Castaldini’s story really struck me because I could relate to her experience. As I wrote in my blog post How To Be Healthy When Everyone Around You Is Not, in an age when junk is called “party food,” when “if you snooze, you loose” is the mantra of those we revere, and when the ancient practices of mindfulness and meditation are considered “new age” hippie ju ju, sticking your head up and doing things differently can be lonely, expensive, and stressful. But my point is that sometimes we become so focussed on just one aspect of our health, we lose sight of the bigger picture at the expense of other areas of our health that are equally as important.
I googled Castaldini to see if she’d written anything recently and discovered that she currently has a Go Fund Me page asking people to help her cover her medical expenses, so it’s clear that her health is still a work in progress. (I’ve emailed her to see if she’d like a free copy of my film and book. Fingers crossed she responds.)
I want to make it clear that I’m not arguing that seeing someone like a functional medical doctor is a waste of money, or that people don’t improve their health significantly after they’ve worked out a specific trigger for their illness, but if there’s one thing I’ve learned from the dozens of interviews I’ve done with scientists on the front line of trying to solve the chronic health epidemic it’s that in most cases, when it comes to complex chronic conditions such as autoimmune disease, heart disease, diabetes, obesity, cancer etc, there is no one thing that lies at the root cause. When modern medicine fails us, we want to blame it on gluten, or dairy, or a vitamin deficiency, or some other micro-component of life because its often the most straight forward explanation. In many ways, I wish that my recovery was as simple as just focussing on my diet, then I could have ignored the fact that other areas in my life (stress, emotions, sleep, exercise etc) were way out of whack.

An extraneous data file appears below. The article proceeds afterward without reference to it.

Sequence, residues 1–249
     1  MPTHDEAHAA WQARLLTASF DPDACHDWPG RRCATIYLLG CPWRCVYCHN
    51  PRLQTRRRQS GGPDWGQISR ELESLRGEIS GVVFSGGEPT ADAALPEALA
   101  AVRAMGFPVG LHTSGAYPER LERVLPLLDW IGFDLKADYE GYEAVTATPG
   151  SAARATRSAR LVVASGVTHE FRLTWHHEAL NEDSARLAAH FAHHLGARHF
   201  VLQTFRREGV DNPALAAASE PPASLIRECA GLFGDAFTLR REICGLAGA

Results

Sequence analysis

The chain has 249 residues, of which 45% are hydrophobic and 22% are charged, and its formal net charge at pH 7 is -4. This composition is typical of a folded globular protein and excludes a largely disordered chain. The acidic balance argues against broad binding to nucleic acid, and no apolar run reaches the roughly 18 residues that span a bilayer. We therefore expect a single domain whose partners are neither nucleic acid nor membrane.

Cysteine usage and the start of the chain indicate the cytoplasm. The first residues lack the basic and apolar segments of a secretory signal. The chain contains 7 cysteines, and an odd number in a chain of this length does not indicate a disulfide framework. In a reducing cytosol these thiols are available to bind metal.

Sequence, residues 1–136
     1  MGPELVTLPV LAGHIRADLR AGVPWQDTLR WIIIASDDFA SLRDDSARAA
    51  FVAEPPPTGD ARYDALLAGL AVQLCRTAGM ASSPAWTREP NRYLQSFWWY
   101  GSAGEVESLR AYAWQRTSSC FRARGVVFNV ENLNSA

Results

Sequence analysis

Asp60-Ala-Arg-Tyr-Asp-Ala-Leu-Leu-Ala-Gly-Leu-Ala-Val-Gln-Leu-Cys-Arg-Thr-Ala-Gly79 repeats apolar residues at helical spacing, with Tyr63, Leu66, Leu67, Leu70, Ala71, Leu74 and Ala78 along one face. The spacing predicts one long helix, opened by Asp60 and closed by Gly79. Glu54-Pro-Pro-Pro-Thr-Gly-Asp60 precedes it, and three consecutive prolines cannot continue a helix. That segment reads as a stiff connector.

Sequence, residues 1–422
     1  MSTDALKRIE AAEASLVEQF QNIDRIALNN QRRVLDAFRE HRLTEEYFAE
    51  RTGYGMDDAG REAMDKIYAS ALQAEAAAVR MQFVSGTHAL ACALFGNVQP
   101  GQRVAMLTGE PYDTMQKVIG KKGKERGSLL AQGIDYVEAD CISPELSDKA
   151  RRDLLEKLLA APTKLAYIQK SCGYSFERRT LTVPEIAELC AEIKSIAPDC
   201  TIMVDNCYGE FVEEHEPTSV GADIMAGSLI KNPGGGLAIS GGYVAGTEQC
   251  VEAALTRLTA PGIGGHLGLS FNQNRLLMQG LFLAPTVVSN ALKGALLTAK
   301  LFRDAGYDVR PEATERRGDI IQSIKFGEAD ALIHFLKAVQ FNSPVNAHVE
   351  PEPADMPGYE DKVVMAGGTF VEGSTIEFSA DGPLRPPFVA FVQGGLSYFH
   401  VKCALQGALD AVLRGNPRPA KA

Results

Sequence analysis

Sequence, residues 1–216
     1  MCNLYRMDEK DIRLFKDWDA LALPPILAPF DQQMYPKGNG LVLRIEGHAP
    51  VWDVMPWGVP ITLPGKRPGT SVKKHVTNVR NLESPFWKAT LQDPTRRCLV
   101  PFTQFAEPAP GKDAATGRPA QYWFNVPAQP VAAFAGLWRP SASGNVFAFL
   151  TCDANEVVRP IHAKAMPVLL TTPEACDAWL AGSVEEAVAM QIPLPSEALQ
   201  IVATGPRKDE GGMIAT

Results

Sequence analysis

When I consider the work of the experts that I featured in my documentary The Connection, who are showing in published academic papers that their programs can significantly help people with chronic disease, such as Dean Ornish’s program from heart disease, George Jelinek’s program for Multiple Sclerosis and Herbert Benson’s mind body programs, there are a number of things that they all have in common –
• People are supervised by conventional medical doctors.
• People shift their diet to include more whole foods and fresh fruit and vegetables.
• People are taught to integrate movement and exercise into their every day lives.
• They’re taught how make meditation and mindfulness a habit not a chore.
• They’re taught about emotional balance and to change the way they view stress.
• They’re also part of a supportive community.
In other words, their foundation is taking a whole health, whole life approach to getting better.
When I look at my own health crisis, I now know that I got sick because of a perfect storm. I had a genetic predisposition to runaway inflammation, poor diet, poor sleep, chronic stress and I was taking on the emotional problems of others as if they were my own. It wasn’t until I stopped looking for the ONE thing that was causing my illness and started looking at ALL the areas in my life that needed attention, that my health really started turning around.